For many places, your argument of municipality law falls short, because it simply doesn't apply in a way that the average PA system we're talking about can reasonably achieve. In other places? Sure. Many have been mentioned in this thread. But I'd suspect that most places not in Europe, Australia and probably some select few large municipalities in the US don't have any laws at all regarding noise in 'music halls' or 'venues.'

As for how loud music SHOULD be.... I'm not one to love ultra loud music, but who are you to tell everyone how they should be enjoying themselves? Volume certainly serves a purpose.
Old 20th July 2018
  #202
Lives for gear
 
Mikhael's Avatar
 

Quote:
Originally Posted by untitled73 View Post
Where I live, there are zoning laws that allow for music halls and clubs to do whatever they want. Many places are like this. Residential and industrial/commercial areas of town are designated in SO many places.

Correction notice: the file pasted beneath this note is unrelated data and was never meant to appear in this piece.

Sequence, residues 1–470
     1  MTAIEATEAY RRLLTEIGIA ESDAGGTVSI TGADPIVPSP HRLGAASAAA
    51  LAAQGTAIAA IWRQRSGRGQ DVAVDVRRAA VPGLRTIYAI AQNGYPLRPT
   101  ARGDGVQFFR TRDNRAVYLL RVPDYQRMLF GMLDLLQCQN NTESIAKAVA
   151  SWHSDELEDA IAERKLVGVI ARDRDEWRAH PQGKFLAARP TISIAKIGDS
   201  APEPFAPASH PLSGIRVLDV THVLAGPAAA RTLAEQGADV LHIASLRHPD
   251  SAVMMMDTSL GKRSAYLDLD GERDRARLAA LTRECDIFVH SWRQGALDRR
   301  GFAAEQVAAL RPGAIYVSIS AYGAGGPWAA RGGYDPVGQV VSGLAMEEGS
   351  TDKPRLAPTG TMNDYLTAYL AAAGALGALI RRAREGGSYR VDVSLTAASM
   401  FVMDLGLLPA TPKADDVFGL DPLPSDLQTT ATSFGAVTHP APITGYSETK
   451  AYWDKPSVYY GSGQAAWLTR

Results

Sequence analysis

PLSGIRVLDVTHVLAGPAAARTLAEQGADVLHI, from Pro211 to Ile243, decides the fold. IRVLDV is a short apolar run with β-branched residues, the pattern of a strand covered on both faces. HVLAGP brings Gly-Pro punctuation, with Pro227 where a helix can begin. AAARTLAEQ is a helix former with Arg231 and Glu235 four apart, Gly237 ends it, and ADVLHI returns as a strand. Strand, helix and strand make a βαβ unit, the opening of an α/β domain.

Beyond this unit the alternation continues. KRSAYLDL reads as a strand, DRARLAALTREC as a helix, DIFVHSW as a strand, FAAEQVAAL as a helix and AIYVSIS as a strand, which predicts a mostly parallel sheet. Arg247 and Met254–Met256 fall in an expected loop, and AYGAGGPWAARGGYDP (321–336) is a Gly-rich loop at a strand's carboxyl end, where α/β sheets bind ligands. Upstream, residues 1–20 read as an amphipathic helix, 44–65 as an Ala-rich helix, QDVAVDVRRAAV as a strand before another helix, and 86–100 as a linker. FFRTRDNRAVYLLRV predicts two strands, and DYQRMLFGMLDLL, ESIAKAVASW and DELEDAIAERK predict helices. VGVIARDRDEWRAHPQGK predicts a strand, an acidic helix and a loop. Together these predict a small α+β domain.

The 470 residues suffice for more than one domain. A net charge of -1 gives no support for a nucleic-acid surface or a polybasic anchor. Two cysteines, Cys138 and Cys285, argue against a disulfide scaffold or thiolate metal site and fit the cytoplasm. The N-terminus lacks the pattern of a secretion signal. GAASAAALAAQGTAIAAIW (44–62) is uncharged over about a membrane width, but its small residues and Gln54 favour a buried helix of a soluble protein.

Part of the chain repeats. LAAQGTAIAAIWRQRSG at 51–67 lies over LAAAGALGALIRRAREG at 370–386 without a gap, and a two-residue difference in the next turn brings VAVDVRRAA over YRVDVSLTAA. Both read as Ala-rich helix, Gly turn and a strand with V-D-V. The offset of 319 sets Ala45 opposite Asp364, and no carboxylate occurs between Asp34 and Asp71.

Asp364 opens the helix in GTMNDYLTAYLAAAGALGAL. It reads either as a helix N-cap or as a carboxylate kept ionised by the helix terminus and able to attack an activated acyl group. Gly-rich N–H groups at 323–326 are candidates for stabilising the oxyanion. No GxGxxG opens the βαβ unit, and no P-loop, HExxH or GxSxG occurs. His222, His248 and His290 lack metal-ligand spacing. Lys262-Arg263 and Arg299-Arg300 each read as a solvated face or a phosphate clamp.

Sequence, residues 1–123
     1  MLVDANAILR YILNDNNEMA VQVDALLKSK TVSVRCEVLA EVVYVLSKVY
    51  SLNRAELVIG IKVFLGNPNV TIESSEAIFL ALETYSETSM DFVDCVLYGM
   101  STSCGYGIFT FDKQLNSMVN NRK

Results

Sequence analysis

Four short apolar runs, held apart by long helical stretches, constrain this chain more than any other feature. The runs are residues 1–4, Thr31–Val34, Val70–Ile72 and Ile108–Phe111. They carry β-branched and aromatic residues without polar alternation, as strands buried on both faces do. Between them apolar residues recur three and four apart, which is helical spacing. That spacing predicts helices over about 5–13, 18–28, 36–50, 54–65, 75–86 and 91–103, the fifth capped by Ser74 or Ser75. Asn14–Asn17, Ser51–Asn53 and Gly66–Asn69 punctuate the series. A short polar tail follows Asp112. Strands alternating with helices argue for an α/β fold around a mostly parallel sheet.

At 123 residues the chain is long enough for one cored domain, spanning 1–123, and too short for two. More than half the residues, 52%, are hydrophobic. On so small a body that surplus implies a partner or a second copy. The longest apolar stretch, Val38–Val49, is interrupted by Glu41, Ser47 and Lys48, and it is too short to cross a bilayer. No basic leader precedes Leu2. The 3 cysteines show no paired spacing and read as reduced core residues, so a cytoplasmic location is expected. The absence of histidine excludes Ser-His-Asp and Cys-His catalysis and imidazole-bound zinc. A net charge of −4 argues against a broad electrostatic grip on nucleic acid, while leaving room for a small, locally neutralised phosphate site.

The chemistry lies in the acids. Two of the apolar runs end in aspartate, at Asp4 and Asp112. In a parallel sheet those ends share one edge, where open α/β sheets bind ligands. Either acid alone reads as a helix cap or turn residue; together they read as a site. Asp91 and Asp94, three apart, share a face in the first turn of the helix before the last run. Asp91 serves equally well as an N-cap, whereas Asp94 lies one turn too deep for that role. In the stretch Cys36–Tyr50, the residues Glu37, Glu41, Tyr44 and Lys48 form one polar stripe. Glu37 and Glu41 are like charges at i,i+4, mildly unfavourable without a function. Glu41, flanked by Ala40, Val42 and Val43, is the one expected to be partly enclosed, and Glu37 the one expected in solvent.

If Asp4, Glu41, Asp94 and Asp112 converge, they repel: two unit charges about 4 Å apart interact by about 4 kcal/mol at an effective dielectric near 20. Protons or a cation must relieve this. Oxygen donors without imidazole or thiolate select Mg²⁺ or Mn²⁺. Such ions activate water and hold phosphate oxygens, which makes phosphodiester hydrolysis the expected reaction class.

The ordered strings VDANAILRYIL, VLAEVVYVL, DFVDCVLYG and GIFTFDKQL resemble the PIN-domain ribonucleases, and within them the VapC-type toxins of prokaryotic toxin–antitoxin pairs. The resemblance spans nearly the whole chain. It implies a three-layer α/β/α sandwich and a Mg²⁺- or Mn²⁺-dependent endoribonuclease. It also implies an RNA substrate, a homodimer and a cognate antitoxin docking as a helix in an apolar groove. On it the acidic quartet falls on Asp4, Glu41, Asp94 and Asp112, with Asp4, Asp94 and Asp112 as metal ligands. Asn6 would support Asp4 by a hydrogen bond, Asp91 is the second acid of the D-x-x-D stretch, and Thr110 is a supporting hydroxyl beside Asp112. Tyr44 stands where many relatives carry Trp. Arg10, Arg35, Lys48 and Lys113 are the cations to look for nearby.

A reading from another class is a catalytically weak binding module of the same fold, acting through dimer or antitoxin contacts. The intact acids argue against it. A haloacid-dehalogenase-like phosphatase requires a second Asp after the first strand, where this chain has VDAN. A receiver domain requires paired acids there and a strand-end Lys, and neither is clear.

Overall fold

I'm sure if you played something at 200 dB and exploded someones head, you could get sued, but really anything short of doing that it's really hard to make a legal case for.

For many places, your argument of municipality law falls short, because it simply doesn't apply in a way that the average PA system we're talking about can reasonably achieve. In other places? Sure. Many have been mentioned in this thread. But I'd suspect that most places not in Europe, Australia and probably some select few large municipalities in the US don't have any laws at all regarding noise in 'music halls' or 'venues.'

As for how loud music SHOULD be.... I'm not one to love ultra loud music, but who are you to tell everyone how they should be enjoying themselves? Volume certainly serves a purpose.